On A Platter Of Gold covers events within recent memory that form part of the lived experience of most students of Nigerian history. There is therefore no need to concern oneself with this book, right? Wrong.

Although most people followed the events of President Jonathan’s rise to power in real time, it would be erroneous to think that was enough. A hackneyed collection of newspaper clippings, social media memes and Internet videos might give glimpses into the events but they can’t replace this vivid, painstaking, insider account.

On A Platter of Gold assembles the data, and organises it to tell a story that leaves the reader satisfied. It goes to the origins of Nigerian democracy and the struggles of present day.  Have you ever wondered how Goodluck Jonathan was chosen to be the PDP flag bearer? Have you ever wanted to know why the PDP imploded? Read this book.

 

Read It For The Experience

There is a joy-grief feeling every reader has at the end of a good book. It is like being filled with your favourite meal, you want to eat it again, but there is no space. That is the experience this book delivers. By using an omniscient point of view the writer is able to take you on an electric train ride from the creeks of Otukpo to the deserts of Kastina, the Abuja metropolis to the Sambisa forest without letting you lose interest or fall asleep. In twelve chapters, you get a masterclass in political party building, a handbook for succession planning and the post-mortem of an incumbent president’s failure at the polls.

It is hard to tell you more without giving too much away but this book makes you believe in time travel, makes you love history, makes you think about who is ruling/leading you and why.

Read It For The Humour

One thing that shocked me about On A Platter Of Gold was how funny it was. My hard copy (you should get one by the way) is full of scribbled ‘hehe’ notes and emojis. The book is full of things to laugh about. From the dashed hopes of politicians to the fickleness of rented protesters and the eternal praying president, there is so much that will have laughing out loud. Or smiling to yourself. Or scribbling in the margins. I never thought history could be humorous, this book changed my mind.

 

Read It For The Drama

Nigeria is the home to Nollywood; of one of the greatest home movie industries on the planet. We are drama, drama is us. And there is no better place to see our drama at work than in politics. On A Platter Of Gold offers generous helpings of drama in all forms. From characters whose skin erupt in Koranic verse to terrorists with ninety-nine lives and plots to steal an election that sound like a fantasy movie script, On A Platter Of Gold has it all.

 

Read It For The Questions

Before they had a chance to read the book some folk had already condemned it as lacking objectivity and being ‘full of lies.’
While author bias is real, this book appears to have been written to spur discourse rather than to take sides. There are points in the book that need closer scrutiny, further discussion. This can only happen once the book is read. I think the book raises questions of interest to the Nigerians from the South-Eastern Zone, The US government, The UK, PDP leadership, Nigerian feminists, Global security operatives and every student of history.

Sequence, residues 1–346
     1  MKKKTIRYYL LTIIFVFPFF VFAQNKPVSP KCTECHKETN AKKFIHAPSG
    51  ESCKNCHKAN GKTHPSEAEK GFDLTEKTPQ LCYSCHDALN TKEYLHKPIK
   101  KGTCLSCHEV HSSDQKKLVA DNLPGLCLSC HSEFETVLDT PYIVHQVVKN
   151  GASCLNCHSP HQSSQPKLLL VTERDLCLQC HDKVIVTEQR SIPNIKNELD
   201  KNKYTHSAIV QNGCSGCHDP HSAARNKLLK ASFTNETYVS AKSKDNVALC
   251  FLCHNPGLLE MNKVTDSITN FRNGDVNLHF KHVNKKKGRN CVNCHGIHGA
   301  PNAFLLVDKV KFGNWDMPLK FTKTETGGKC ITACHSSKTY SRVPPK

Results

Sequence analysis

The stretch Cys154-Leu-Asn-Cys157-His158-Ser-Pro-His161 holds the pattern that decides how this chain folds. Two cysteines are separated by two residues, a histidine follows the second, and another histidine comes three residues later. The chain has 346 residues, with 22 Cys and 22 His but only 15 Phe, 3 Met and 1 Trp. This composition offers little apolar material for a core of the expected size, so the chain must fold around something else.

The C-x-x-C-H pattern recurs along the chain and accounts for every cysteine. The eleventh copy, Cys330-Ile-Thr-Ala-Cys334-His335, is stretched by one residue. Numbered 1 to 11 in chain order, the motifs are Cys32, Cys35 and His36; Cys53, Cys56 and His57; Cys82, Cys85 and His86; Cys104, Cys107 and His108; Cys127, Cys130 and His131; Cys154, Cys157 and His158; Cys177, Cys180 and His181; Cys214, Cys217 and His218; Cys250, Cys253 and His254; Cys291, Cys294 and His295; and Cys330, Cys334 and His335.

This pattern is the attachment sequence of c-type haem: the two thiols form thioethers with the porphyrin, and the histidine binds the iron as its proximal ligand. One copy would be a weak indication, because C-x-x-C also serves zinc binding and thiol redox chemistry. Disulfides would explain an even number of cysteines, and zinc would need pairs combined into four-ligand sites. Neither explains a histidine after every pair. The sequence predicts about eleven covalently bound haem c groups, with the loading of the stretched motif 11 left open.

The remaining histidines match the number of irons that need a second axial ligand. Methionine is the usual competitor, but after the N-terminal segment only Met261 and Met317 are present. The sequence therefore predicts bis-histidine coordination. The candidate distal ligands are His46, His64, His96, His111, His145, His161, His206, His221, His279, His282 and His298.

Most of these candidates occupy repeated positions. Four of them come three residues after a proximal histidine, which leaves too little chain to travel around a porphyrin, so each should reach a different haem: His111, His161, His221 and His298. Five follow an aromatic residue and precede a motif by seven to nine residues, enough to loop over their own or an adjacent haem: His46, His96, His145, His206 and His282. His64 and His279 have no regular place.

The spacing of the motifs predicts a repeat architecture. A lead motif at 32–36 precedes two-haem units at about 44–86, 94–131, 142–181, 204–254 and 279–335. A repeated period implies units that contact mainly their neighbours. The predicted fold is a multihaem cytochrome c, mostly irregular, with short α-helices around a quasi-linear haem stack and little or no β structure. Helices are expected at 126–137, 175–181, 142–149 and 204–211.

What are the lessons the South-East can leverage on to have a successful Presidential bid?

Is it true that the Us frustrated the Nigerian government’s anti-terrorist offensive? If so, why?

Why did the UK not provide more support?

What is needed for the PDP to rebuild, reform, resurrect?

Women are not portrayed in flatteringly in the book: Dezianni seems dishonest and pompous, the First Lady ignorant and loquacious, even Dora Akunyili looks naive and erratic. Is the writer to blame? Or are Nigerian women in politics just disappointing?

What should have been the global anti-terror response to Boko Haram? How does the response influence policies on handling similar cases when they arise?

Where do we go from here?

 

Read It For The Lessons
A wise man learns from the mistakes of others. And in On A Platter Of Gold, there are many mistakes.

For me, these mistakes were lessons: How Not To Choose Leaders, The Importance Of Consultation, Why Mentors Matter, The Best Time To Kill A Monster Is In The Craddle etc

Every reader will have their own deductions, this book is filled with teachable moments.

 

Read It For Posterity

We live in a fast changing world. But one thing that hasn’t changed is people’s love for stories. In a few years much of what is common knowledge (and keyboard outrage) will be forgotten. Reading a book like On A Platter of Gold will position you to offer sage counsel with historical accuracy (and hopefully modern use).

In any case you don’t want to be scratching your head when your grandkids read the book and want to know all about the Occupy Nigeria Protests, the Smuggled/Bungled South African arms deal and the Chibok Girls. I don’t. That is why I have read my copy, made my notes and stowed it safely in my library.

Have you read the book? Did you like it? Why would you recommend it? Why? Why not?

 

 

Is This How We Learn Your Names?

 

For Dapchi

Is this how we learn your names?
Soaked in blood and tears
drenched in the stench of a nation’s fears.
Would I ever know
Buni Yadi, Chibok, Dapchi
places so pretty
stained by tragedy
bent by the weight of wails ?
My feet have not kissed your dust
but my heart beats for your loss
I long to gather you in my arms
kiss away this pain that keeps growing
a gluttonous cavern, an abyss
which never goes away. Will you